Adult social care services in England have improved overall for the fifth year running, but just nine out of 21 councils causing concern in 2006 have made sufficient progress to move out of this category.
Releasing the annual star ratings for councils today, the Commission for Social Care Inspection said ratings had improved for 24 councils and deteriorated for 15, following a similar pattern to last year. For the second year running there were no zero-star authorities, while 28 gained one star (down from 33 in 2006), 74 achieved two stars (up one from 2006), and 48 three stars (up four from last year).
CSCI designated 21 councils as “priority for improvement” last year because they had been one-star authorities for adult services since star ratings began in 2002. It said nine of these moved up to two stars this year by improving services for carers and older people with mental health problems, developing preventive provision and improving choice and control for users.
However, CSCI chief inspector Paul Snell said: “CSCI will focus particular attention on the remaining 12 ‘priority for improvement’ councils in the next year, all of which need to urgently consider how they can better serve local people.”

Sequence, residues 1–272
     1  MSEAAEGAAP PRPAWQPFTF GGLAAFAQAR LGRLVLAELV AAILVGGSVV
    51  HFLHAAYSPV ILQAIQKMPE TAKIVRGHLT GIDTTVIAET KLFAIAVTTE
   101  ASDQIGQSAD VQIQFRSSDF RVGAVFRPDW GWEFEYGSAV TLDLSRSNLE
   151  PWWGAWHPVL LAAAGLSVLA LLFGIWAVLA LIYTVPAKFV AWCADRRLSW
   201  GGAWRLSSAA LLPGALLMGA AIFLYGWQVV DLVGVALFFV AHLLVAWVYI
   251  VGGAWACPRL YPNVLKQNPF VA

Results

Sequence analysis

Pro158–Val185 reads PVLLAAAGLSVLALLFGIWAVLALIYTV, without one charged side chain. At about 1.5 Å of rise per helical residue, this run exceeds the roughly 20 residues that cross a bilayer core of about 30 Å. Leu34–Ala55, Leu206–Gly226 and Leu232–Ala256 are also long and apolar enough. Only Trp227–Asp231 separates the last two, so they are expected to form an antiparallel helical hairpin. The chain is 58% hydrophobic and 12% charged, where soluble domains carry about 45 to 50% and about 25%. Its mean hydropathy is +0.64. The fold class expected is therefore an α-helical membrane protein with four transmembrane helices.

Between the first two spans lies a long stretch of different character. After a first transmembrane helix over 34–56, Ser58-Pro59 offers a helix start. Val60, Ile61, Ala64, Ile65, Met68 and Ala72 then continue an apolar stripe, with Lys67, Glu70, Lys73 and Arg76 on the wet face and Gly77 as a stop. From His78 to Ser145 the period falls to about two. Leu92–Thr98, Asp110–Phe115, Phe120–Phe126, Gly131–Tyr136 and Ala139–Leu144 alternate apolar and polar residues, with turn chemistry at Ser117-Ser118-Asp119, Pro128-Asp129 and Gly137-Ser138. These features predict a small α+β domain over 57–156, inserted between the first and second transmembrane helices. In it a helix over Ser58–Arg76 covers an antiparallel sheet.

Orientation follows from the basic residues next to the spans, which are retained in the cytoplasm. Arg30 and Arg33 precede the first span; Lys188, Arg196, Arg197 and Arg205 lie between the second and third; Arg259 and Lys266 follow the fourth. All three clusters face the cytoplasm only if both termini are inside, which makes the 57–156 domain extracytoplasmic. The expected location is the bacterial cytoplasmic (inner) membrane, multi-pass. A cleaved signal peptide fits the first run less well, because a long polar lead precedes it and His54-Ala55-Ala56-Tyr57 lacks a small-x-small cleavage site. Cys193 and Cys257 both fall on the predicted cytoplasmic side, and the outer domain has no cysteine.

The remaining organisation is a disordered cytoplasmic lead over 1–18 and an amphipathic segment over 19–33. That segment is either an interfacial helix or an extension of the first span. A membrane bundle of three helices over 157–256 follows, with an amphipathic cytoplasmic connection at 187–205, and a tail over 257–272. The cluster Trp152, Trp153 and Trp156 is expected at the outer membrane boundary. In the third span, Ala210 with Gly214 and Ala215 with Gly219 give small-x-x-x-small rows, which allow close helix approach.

Nine councils moved up to three stars and five authorities fell from three to two stars, while 15 councils rose from one to two stars and ten fell down to one star (see below). Of these, Wokingham, Wiltshire, Surrey and Northamptonshire were marked with an “uncertain” capacity to improve.
This year’s ratings were based on a new assessment framework incorporating the seven outcomes from last year’s health and social care white paper: improved health and emotional well-being, improved quality of life, making a positive contribution, increased choice and control, freedom from discrimination or harassment, economic well-being and maintaining personal dignity and respect. Councils were also assessed on their quality of leadership, commissioning and use of resources.
Of the seven outcomes, councils performed worst in ensuring freedom from discrimination for people using social care services with just one in 10 judged as excellent in the category. Overall, a quarter of councils were delivering only adequate outcomes for freedom from discrimination or harrassment, personal dignity and respect, improved quality of life and increased choice and control.